The second annual Osram Sylvania (Danvers, Mass.) Socket Survey reveals a paradox in Americans’ attitudes toward lighting: while 74 percent have switched to an energy-saving lamp in the past year, the vast majority still don’t know about the impending federal phase-out of incandescent bulbs, starting in 2012 with the 100-watt bulb. While increasingly price sensitive, the majority of respondents have warmed to the idea of eco-lighting and say they are likely to purchase a compact fluorescent (CFL), halogen or light-emitting diode (LED) lamp in the future.
According to Sylvania, the results of the survey signal a green light to new energy-efficient options, such as halogens, CFLs and LEDs, as an overwhelming majority of consumers cite energy savings as an important factor considered at point of purchase.
“Consumers have made it clear that the difference between cost and value is more important now than ever, and the industry will need to respond swiftly, even as we continue to innovate,” said Rick Leaman, president and CEO of Osram Sylvania. “2010 will be a year of education, not only for consumers, but also for commercial customers as they begin to understand options offered by new-to-market, energy-efficient lighting solutions.” Electrical contractors can help spread that knowledge.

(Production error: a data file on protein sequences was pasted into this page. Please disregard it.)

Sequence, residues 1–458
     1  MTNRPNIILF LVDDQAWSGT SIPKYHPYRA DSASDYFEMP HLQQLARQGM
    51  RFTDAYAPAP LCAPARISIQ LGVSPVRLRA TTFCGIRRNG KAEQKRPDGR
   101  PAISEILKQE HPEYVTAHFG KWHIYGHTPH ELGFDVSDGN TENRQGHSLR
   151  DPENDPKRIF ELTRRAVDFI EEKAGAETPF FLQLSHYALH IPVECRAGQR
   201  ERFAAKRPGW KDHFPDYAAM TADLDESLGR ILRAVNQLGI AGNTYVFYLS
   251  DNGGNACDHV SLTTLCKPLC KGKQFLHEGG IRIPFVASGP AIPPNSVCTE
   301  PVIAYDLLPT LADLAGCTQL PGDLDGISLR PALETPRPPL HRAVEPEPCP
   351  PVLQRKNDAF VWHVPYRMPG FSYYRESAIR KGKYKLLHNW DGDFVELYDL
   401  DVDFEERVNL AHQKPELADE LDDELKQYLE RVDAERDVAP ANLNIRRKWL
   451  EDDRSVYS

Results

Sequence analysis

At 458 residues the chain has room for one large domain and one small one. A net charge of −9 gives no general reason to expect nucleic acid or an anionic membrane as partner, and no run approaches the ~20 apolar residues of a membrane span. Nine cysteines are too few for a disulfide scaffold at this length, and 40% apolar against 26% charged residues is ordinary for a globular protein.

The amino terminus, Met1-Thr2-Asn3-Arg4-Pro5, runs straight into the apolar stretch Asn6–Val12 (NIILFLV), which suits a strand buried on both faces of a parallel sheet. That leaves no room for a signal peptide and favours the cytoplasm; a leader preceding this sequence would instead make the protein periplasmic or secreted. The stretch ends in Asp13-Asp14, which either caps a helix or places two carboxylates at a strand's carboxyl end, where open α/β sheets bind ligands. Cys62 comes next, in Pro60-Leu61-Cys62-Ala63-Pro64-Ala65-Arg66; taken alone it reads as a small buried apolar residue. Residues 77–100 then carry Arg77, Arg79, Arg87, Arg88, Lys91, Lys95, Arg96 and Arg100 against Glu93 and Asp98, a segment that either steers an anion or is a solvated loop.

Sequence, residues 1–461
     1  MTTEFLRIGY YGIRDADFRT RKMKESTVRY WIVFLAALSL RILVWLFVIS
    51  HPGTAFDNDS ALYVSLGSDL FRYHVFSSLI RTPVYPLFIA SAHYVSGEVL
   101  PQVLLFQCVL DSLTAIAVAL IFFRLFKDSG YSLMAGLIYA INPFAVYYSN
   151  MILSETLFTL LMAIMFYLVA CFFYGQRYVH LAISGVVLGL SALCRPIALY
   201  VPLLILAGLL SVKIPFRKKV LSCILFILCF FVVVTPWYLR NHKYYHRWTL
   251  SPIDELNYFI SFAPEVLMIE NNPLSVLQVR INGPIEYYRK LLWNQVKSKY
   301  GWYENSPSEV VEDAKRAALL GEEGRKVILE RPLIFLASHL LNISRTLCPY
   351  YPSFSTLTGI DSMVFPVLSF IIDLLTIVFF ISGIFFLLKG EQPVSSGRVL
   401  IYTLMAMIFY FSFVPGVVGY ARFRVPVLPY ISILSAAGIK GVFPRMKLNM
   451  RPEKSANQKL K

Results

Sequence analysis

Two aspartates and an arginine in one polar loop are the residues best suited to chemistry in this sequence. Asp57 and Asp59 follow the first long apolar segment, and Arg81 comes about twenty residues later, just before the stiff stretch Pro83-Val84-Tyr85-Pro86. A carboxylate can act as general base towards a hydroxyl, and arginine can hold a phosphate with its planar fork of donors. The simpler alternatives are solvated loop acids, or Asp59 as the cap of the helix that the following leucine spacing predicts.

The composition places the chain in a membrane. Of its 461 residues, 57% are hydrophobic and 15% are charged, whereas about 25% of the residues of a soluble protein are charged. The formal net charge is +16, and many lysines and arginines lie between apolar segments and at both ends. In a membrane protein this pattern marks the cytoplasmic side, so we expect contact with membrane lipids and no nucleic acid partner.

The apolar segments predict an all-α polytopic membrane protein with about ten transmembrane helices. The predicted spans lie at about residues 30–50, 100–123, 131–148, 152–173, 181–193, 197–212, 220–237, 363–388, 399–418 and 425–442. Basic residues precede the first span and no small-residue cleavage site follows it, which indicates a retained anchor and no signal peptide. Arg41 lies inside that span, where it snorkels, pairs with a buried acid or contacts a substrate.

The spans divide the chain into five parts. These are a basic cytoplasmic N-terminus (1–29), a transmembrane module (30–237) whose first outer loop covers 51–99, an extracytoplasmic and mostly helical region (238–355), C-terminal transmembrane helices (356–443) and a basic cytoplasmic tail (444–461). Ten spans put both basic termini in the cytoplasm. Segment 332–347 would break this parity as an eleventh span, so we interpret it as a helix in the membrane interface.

In 2012, the 2007 Energy Independence and Security Act will begin to phase out traditional incandescent bulbs, and there is widespread interest in how the lighting industry will respond. Companies such as Osram Sylvania, GE Lighting and Philips Lighting are building more efficient and innovative lamps, and it’s only a matter of time before we see which technology comes out on top.